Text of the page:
Sunday, November 23, 2014

When I'm Not So Thankful

People are SO pushy this time of year. Seriously. Thanksgiving isn't quite here yet, but I've been "encouraged" all week by my pastor, the local radio station, a few salesladies, and the news media to count my blessings, to be thankful.

"Badgered" might be a better word than "encouraged." It's like in the months of November and December, Christian and non-Christian America alike is saying, "It doesn't matter if you're having problems with the mortgage or if your job is in peril or if all three of your children are crying because two of them peed down their only clean set of clothes and the third one dropped his banana in the dirt--if you're not feeling particularly thankful, it's your fault for not seeing the bigger picture in this season of thanks, so get with the program and be thankful already!"

But what do you do if your smile is fake? If, sure, you're thankful for a roof over your head, clothes in your closet, and food on the table...but truthfully? Your heart still focuses on the "don't have's," on the corrupt, evil people around you whose prosperity and happiness seem to flourish while you struggle daily in silence just to make ends meet?

What then?

I've been stuck on Psalm 73 for three weeks. Yes--three weeks. I've tried to get away from it, but David's words have stuck in my mind like play dough on the bottom of my children's shoes:

"Surely God is good to Israel, to those who are pure in heart. But as for me, my feet had almost slipped; I had nearly lost my foothold. For I envied the arrogant when I saw the prosperity of the wicked" (Ps. 73: 1-3).

These words grip me. This testimony could easily be mine when everything seems to be going wrong for me (and, as I'm convinced in those moments, only me).

Like David, I know that I know that God is good to those who are "pure in heart," but sometimes, my foot dangles over the cliff as I look into the darkness of sin flaunted openly by people I know...and without knowing it, my heart sparks green envy as I watch them live lives of ease while I seek righteousness yet struggle.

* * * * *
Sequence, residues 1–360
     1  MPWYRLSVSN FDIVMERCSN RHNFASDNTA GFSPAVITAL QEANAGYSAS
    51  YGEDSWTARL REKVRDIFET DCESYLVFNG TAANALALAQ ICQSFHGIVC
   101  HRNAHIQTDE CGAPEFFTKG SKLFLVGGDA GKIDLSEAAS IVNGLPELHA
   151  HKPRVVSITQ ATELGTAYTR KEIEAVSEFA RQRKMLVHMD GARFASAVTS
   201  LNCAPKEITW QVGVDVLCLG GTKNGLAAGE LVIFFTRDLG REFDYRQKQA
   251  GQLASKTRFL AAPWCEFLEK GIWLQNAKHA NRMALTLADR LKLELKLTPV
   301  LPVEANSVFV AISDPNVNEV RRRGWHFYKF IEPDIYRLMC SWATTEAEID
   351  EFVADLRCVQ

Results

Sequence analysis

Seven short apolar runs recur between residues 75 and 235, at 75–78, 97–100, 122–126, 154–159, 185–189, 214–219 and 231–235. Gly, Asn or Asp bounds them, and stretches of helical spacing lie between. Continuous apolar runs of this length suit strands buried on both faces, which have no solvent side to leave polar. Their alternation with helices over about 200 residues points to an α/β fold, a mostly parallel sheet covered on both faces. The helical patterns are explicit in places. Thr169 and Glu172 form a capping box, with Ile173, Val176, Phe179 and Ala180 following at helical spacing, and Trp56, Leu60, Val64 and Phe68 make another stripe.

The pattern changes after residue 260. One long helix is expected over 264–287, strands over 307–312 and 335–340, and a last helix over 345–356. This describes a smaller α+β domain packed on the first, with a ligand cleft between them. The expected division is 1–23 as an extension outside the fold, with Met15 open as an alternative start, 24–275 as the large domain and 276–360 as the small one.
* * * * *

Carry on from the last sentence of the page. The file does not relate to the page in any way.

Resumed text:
David continues, describing the "wonderful" life the sinful masses seem to lead:

"They have no struggles; their bodies are healthy and strong. They are free from common human burdens; they are not plagued by human ills. Therefore pride is their necklace; they clothe themselves with violence. From their callous hearts comes iniquity; their evil imaginations have no limits. They scoff, and speak with malice; with arrogance they threaten oppression. Their mouths lay claim to heaven, and their tongues take possession of the earth. Therefore their people turn to them and drink up waters in abundance. They say, 'How would God know? Does the Most High know anything?' This is what the wicked are like—always free of care, they go on amassing wealth" (v. 4-12).

In those moments, this is what I envy--the ungodly who have no struggles weighing on their minds, who are chiseled visions of health and strength, whose overwhelming greed reaps enormous wealth, whose actions reap no consequences.

Their mouths speak God's name, post God's name, tweet God's name...they even quote Scripture when it's convenient. But in the next moment, their tongues lap up the fleshly fruits of the earth and feast off the sinful vices that bring worldly pleasure.

Upon seeing these people, David says, "Surely in vain I have kept my heart pure and have washed my hands in innocence. All day long I have been afflicted, and every morning brings new punishments" (v. 13-14).

This is not a thought I've ever voiced, but like David, like Habakkuk, like Jeremiah--I've asked God why the righteous suffer while the wicked seem to go unchecked in their sin. And, if I'm honest, in the asking is a hint of envy at their ease.

When David enters God's sanctuary, though, he remembers who God is--a holy, righteous judge whose very nature requires Him to judge all sin. And in that moment, he says, "Surely you place them on slippery ground; you cast them down to ruin. How suddenly are they destroyed, completely swept away by terrors! They are like a dream when one awakes; when you arise, Lord, you will despise them as fantasies" (v. 18-20).

You may not feel thankful every second of this Thanksgiving week. I know my fleshly limitations, and I can promise you that I won't.

But when the grumbly feelings of unthankfulness threaten to consume you, when the green-eyed monster rears his head, when sin seems to go unchecked around you--remember, remember, remember…

Who. God. Is.

Pub. 11.02.10

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